Linda Maye Adams

A horrifying sight at the library


I like to get a lot of my books at the library.  Frankly, books are expensive, and even the less expensive eBooks add up. Plus the library’s a great resource for checking out an author.  Lately though, things have been changing at my local library system.

First, they eliminated all the paperbacks.  Even the main library no longer carries them.  I’m guessing it was a cost issue, and the paperbacks tend not to be as durable.  But seriously, a lot of books come out in paperbacks and never see hardbacks.  I’m missing out on a lot of good books!

Then, this last week I went to my regional library, and they had rearranged the mystery section. I could tell it right away because it was series after series after series, all written by big name authors.  It seemed like a lot fewer of the small name series or the author who writes a certain type of mystery but not a series.

Maybe this is a reflection of what’s happening in the publishing industry, because they’re focusing on big name authors to make money, and the emphasis is on the series.  Readers do like coming back and getting to revisit a character they’ve come to know.

Yet, I want books to stop focusing so much on making a series and instead, make a good story.  Many of these series I have started out reading.  By the time I hit book 7, or sometimes earlier, I find the series has changed in a way that doesn’t make me want to read it any more:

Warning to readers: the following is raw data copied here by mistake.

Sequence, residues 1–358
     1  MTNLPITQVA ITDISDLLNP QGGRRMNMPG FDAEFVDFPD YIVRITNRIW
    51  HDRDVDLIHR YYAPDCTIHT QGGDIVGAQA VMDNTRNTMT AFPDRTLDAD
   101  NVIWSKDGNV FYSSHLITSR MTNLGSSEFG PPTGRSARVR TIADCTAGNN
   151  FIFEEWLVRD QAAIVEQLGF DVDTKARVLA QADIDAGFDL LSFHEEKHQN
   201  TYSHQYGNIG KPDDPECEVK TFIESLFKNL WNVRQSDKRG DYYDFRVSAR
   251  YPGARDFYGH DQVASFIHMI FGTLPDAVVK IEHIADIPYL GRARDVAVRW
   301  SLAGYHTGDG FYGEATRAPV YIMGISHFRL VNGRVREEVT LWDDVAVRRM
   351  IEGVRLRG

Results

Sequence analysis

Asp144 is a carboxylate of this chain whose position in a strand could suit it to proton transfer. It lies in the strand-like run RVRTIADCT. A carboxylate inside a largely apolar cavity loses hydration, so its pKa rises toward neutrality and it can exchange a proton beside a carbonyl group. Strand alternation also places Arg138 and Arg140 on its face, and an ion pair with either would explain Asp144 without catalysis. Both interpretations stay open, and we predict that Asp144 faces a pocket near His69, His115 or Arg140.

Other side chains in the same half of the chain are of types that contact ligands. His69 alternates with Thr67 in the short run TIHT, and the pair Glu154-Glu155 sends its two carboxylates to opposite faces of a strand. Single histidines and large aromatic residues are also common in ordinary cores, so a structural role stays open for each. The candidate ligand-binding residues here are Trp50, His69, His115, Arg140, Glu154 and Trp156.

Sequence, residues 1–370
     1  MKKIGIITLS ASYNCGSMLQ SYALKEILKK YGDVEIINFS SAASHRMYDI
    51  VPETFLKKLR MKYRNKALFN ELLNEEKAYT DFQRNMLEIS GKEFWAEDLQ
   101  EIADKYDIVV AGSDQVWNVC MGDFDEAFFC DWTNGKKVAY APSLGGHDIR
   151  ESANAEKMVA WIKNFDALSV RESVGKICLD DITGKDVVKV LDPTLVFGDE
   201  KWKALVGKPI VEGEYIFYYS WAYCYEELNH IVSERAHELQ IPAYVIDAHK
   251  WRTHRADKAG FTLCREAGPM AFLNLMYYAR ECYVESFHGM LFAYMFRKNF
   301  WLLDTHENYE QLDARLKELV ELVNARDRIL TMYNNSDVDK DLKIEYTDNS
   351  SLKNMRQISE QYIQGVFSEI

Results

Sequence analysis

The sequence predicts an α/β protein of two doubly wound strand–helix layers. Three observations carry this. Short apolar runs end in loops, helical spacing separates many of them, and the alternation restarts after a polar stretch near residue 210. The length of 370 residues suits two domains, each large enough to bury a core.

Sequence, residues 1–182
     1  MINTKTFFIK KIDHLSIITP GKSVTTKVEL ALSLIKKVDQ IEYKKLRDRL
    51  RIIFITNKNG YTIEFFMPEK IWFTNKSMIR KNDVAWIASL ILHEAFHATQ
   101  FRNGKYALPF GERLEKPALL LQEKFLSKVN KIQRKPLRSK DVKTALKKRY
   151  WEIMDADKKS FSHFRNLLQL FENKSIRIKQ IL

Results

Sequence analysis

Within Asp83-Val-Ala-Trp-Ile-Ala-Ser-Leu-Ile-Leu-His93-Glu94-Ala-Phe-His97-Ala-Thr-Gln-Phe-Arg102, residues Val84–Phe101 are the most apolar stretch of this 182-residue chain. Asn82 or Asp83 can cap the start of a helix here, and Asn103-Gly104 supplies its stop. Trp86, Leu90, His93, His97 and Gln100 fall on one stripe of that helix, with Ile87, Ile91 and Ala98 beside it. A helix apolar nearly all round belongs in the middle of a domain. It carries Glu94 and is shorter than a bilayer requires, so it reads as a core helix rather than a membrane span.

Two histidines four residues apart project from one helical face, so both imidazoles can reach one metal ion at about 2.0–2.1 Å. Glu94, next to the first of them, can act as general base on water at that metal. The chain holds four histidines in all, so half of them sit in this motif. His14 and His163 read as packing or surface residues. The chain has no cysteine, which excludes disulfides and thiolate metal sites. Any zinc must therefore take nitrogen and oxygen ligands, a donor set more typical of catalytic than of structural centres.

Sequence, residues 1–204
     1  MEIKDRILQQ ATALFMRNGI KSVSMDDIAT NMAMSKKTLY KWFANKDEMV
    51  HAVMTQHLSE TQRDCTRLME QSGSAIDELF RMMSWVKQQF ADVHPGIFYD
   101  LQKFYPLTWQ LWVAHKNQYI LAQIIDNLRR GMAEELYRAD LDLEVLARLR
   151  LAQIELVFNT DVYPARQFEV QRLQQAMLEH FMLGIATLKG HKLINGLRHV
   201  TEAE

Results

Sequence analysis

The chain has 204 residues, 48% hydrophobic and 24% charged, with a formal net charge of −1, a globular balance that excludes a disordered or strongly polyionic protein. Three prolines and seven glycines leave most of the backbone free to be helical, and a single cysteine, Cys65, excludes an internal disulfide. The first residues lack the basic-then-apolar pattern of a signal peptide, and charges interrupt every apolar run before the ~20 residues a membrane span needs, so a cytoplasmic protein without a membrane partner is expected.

• Laurell K. Hamilton:  Do I have to explain this one?  I used to eagerly wait for the next Anita Blake to come out and snatch it off the shelf and devour it in a day.  There simply wasn’t any characters like Anita Blake anywhere, and then Hamilton changed the series into … something different.  Now I see a new one at the library, and I won’t even check it out any more.
  • Clive Cussler: Another author who I would buy up the latest release — in hardback.  But he’s noted in interviews that it’s hard coming up with plots because he has about six in each story (that I believe; it’s one of the reasons I love his books).  Unfortunately, it shows in his latest books, especially when he tried to “change” the character of Dirk Pitt.

There are others, but it seems to be a sign of the long-standing series. There’s a point where a series runs out of ideas and just goes stale.  Unfortunately, as long as they continue to sell, the publishers want more books, and I’m looking at a section of the library without any books I want to read. What’s going to happen when the writers of these start dying off?

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